Beijing Ends Democracy In Hong Kong By Ousting Pro-Democracy Lawmakers

from the game-over dept

In the aftermath of our recent election, with all of the exuberance on one side and the laughable claims of stolen elections on the other, one underlying concern discussed before the election seems to have gone by the wayside: what happens in the last days of the Trump presidency if he loses? You heard the most prevalent concerns in the immediate runup to election day, which typically amounted to wondering aloud what unhinged or corrupt shit Dear Leader would get up to when his Dear-Leadership suddenly carried an expiration date? It was, frankly, a fair concern to have.

But there is a flip side to that fear: what will other countries do in the final days of the Trump presidency, particularly those that have gotten used to his lax attitude towards authoritarianism, human rights abuses, and most of the goings-on around the world? Would Russia attempt to gobble up more previously-Soviet territory, a la Crimea? Would Saudi Arabia carry out more brutal attacks on journalists critical of the Saudi Royal Family? Would China give up its slow-crawl dismantling of democracy in Hong Kong and just try to take over?

Well, on that last one at least, we now know the answer is yes. In fact, it was only in the wake of the election in America being called for President Elect Biden that China rushed through a resolution to oust four pro-democracy members of the Hong Kong government, seemingly for being too anti-Beijing.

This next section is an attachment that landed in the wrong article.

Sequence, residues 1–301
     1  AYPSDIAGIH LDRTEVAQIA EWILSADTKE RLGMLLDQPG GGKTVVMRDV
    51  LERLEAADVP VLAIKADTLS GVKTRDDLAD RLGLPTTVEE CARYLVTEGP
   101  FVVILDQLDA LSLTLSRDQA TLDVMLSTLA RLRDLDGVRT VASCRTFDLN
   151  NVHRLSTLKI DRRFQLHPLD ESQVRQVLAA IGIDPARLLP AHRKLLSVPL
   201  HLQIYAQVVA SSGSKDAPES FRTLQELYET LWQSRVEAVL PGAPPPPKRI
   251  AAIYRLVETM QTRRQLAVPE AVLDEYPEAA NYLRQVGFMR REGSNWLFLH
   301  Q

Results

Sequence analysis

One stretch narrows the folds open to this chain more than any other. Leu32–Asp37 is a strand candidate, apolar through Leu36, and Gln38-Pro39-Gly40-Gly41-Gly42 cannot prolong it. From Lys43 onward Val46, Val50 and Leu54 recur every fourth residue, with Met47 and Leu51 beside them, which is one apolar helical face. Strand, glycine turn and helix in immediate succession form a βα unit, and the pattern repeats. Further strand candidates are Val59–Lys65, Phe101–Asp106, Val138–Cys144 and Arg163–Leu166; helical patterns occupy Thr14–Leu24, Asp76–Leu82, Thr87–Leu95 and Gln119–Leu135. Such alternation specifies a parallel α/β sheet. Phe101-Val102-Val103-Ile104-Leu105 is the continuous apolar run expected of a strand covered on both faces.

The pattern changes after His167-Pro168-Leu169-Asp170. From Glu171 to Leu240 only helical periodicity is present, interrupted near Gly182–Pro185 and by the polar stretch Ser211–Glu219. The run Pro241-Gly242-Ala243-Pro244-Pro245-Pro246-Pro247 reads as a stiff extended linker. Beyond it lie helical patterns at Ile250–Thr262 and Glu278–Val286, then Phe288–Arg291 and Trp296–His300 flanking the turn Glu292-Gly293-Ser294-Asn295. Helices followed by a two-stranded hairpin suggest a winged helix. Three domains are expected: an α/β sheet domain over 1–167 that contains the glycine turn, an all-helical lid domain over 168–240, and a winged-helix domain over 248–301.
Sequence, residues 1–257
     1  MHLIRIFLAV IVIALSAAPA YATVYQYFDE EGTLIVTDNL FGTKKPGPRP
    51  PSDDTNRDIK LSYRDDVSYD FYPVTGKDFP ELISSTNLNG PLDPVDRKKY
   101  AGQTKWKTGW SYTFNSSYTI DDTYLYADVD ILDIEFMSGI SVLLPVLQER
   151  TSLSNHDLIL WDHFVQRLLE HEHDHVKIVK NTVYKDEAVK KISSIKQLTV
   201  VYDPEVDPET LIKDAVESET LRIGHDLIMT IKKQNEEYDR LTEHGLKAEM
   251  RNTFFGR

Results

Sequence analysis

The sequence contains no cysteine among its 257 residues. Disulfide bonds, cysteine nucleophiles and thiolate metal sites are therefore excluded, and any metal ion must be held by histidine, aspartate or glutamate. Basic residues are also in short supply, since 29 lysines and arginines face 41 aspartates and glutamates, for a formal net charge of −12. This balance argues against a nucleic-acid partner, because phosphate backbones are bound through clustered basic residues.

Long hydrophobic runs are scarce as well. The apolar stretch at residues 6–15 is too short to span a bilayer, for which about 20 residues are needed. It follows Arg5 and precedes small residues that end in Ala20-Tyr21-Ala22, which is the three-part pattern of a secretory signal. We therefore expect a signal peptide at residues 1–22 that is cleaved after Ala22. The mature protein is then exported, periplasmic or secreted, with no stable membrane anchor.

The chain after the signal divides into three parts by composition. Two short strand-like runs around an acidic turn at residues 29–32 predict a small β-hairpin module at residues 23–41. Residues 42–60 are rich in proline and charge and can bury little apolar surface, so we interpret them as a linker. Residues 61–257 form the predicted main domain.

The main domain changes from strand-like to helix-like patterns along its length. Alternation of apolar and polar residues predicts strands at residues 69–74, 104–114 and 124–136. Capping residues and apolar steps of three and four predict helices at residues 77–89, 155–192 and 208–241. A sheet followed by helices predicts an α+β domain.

The Chinese Parliament on Wednesday adopted a resolution that pushed out four pro-democracy lawmakers in Hong Kong, prompting more than a dozen of their colleagues to resign en masse.

According to The Associated Press, China’s National People’s Congress Standing Committee passed a directive stating that any lawmaker may be removed from their position if they support Hong Kong’s independence, refuse to recognize China’s authority over the city, threaten national security or call for external intervention in its affairs.

Pay no mind to that language in the directive. As with all things mainland China, one must look at all of this through Orwellian eyes. The language in the directive is meant to sound just reasonable enough to remain full vague, which allows Beijing to yank away any lawmakers that say things the Communist Party doesn't like. Those sorts of utterances include anything pro-American, anything pro-democracy, or anything that promotes independent governance of Hong Kong. That the ouster of four members of the government immediately prompted fifteen more assembly members to resign, leaving literally zero assembly members that are not Beijing sycophants should tell you everything you need to know.

It's hard to overstate how brazen a ramp up of aggression this move represents. It was only months ago that protests in Hong Kong were raging and Carrie Lam pretended to back off from the mainland's odious new laws over the island city. What changed?

Well, between the COVID-19 pandemic gobbling up all the world's attention for a good chunk of the year combined with the vacuum left by a man-baby refusing to leave office gracefully, the Chinese government has probably determined that now is the time to make a move before the new administration sits in power. But if Beijing thought Hong Kong would go quietly, it hasn't been paying attention these past few years.